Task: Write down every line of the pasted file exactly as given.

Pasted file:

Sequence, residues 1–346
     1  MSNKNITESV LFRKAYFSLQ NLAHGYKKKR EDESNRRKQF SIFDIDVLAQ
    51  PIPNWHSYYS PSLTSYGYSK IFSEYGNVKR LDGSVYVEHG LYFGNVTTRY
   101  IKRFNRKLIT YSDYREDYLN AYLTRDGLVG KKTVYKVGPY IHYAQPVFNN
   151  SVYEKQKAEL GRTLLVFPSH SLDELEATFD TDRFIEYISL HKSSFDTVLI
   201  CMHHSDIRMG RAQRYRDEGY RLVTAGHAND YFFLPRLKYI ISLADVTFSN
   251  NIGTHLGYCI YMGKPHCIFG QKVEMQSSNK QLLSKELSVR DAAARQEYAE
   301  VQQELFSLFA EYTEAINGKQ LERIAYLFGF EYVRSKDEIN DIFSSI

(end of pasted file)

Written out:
Sequence, residues 1–346
     1  MSNKNITESV LFRKAYFSLQ NLAHGYKKKR EDESNRRKQF SIFDIDVLAQ
    51  PIPNWHSYYS PSLTSYGYSK IFSEYGNVKR LDGSVYVEHG LYFGNVTTRY
   101  IKRFNRKLIT YSDYREDYLN AYLTRDGLVG KKTVYKVGPY IHYAQPVFNN
   151  SVYEKQKAEL GRTLLVFPSH SLDELEATFD TDRFIEYISL HKSSFDTVLI
   201  CMHHSDIRMG RAQRYRDEGY RLVTAGHAND YFFLPRLKYI ISLADVTFSN
   251  NIGTHLGYCI YMGKPHCIFG QKVEMQSSNK QLLSKELSVR DAAARQEYAE
   301  VQQELFSLFA EYTEAINGKQ LERIAYLFGF EYVRSKDEIN DIFSSI